I really don't like plastic for finished product (Bakelite, phenolic, and celluloid exempt from contempt), But it really looks like that is what he did for the book covers.

Again, someday I will have to do a podcast or write up on this.

Cheers! - gregor
Logged

Could somebody Pleeease explain to my mother that it is steam PUNK not steam PIMP!?!
GeorgeCB
Swab

United Kingdom United Kingdom


« Reply #2 on: February 21, 2020, 01:01:54 pm »

Hi Gregor - thanks for that. You mention one of his write up - the page I found was in Ukranian and the Firefox translator didn't work so I could only look at the images. As I said, I did email him but I never got a reply. Anyway, working with polystyrene, epoxy - resin, and fiberglass is way beyond my abilities so I've stuck with bits of cardboard - not the best but as good as I can do.

Thanks

George
Logged
Synistor 303
Officer
***
Australia Australia


Zenyna Ironbracker


« Reply #3 on: February 22, 2020, 06:36:09 am »

Hi George. I do a lot of this kind of stuff. Personally, I think he missed an opportunity to leave the cogs and other bits in their natural colour, but they could have been plastic cogs or steel and he didn't like that look.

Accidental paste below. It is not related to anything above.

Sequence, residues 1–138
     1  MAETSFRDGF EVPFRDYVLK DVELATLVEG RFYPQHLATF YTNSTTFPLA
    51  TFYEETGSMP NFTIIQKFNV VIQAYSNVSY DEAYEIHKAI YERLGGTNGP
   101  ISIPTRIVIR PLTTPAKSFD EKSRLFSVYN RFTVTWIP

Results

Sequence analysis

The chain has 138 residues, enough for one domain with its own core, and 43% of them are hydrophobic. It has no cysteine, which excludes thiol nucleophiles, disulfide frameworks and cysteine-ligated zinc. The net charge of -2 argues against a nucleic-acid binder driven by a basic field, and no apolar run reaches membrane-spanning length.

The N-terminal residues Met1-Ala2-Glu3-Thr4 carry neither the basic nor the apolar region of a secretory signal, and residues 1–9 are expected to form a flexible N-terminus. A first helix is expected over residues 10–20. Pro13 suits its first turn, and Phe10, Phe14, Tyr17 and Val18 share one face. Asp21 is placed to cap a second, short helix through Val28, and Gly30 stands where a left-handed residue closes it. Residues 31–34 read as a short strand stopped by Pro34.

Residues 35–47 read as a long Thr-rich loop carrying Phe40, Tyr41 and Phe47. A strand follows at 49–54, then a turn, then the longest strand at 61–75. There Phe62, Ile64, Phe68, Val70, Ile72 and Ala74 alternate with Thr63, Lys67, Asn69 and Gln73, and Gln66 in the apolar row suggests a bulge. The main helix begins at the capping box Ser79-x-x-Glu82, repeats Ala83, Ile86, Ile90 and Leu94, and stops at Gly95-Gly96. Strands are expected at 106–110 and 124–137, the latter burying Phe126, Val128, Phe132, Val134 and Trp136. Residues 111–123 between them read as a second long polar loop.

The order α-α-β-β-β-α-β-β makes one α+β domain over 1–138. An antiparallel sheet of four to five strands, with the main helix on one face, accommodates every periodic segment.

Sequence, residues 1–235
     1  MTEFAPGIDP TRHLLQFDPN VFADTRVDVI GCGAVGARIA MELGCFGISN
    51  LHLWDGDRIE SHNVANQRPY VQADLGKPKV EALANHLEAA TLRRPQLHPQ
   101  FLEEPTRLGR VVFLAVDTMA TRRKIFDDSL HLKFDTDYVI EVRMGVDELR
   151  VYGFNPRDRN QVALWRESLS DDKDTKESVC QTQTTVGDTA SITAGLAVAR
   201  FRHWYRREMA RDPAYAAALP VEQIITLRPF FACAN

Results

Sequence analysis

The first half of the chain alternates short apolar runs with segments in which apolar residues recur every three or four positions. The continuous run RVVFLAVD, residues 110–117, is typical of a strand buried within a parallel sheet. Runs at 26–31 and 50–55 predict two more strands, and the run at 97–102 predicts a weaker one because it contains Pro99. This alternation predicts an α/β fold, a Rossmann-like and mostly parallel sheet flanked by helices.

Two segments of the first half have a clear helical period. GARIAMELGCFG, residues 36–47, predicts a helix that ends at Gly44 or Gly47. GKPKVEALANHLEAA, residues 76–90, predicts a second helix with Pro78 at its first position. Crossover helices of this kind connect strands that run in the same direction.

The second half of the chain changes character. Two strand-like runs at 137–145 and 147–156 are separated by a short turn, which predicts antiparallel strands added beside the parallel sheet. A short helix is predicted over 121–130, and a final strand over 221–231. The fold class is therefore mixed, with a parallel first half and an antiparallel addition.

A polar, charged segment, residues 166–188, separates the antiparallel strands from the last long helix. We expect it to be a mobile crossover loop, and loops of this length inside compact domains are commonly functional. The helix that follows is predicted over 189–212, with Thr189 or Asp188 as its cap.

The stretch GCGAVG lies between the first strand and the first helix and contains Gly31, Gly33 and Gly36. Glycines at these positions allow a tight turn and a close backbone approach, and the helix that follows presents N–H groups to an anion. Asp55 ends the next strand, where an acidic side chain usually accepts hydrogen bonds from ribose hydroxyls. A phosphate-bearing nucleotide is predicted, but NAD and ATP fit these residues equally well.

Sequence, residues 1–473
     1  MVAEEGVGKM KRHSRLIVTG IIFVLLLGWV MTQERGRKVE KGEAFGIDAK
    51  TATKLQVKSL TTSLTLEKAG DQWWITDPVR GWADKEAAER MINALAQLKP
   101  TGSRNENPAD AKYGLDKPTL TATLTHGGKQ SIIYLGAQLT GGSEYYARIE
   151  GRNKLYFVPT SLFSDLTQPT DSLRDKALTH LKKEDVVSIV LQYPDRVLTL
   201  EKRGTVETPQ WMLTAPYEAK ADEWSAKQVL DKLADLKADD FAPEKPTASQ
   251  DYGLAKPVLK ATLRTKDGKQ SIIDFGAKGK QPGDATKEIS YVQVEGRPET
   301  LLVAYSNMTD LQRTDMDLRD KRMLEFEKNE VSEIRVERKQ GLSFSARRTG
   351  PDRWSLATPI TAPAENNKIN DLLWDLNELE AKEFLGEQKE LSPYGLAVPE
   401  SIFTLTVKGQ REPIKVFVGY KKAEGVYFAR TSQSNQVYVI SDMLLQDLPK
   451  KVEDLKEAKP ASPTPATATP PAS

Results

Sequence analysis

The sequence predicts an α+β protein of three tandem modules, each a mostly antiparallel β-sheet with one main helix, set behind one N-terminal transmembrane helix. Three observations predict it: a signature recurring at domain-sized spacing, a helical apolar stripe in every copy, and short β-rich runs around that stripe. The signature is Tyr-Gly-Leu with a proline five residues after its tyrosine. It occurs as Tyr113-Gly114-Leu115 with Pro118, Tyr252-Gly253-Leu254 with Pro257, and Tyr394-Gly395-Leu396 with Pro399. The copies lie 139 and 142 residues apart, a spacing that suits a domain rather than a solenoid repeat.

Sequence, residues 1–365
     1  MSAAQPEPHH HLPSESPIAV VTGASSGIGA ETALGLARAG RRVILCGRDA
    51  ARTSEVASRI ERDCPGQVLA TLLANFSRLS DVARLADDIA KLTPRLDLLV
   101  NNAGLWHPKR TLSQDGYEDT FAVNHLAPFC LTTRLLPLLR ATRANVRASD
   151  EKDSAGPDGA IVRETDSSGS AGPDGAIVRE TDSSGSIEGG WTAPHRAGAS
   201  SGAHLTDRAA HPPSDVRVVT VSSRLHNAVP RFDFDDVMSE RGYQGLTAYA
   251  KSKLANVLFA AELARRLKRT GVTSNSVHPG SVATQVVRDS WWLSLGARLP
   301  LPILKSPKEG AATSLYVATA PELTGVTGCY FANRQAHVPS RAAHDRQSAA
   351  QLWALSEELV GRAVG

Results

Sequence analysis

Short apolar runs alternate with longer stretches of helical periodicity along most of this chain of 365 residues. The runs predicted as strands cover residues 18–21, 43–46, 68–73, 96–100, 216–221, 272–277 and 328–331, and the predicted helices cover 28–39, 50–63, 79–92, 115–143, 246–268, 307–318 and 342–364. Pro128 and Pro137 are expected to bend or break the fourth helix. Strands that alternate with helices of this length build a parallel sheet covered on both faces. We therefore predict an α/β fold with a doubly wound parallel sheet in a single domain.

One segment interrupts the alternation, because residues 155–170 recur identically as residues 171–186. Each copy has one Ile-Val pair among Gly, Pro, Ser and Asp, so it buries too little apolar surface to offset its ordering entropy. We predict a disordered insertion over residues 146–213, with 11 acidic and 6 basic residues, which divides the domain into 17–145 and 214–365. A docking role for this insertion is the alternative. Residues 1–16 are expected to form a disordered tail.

I can see from his work that all those parts are glued on. You can get brass cogs on eBay and/or a lot of craft shops online. You can also buy silicone moulds that make up almost anything - quite possibly a spring. https://polymerclay.com.au/search?search=steampunk&description=true&page=7 . I have a real spring that I got out of an old clock I bought on Gumtree. He has set one end of the spring in under a metal part to hold it at one end.

To set a real spring in place you would use dress pins to hold it onto the book cover then pour Aquadhere (wood glue) or similar onto and around the spring. When it is dry, remove the pins. He has then set pieces on the cover using the same type of glue - you can see the springs around the clock face are up to their middle in glue. Aquadhere dries clear and it is quite thick. Arrange your cogs and wheels etc then glue them into place.

Once dry, he has then painted the cover in a 'brass' coloured paint (antique gold it looks like to me) then he has likely gone over it with a watered-down brown acrylic paint and wiped it back to reveal the brass colour underneath. He has added dots of glue to form raised bumps on just about everything including the spine and back of the book to make it look like it has studs on it.

If you have raised parts, like the clock face he has, you would need to paint underneath where it will go before you glue everything down so you don't get a place you can't reach with paint later.

His cogs and the metal parts look genuine to me - start collecting bits now... I have an old chest of little drawers (that I restored first, I might add!) full of brass bits and cogs and tiny brass bolts, clock parts, etc. It has taken me years to get it all, but I would happily use cogs and wheels bought from a craft shop or on eBay.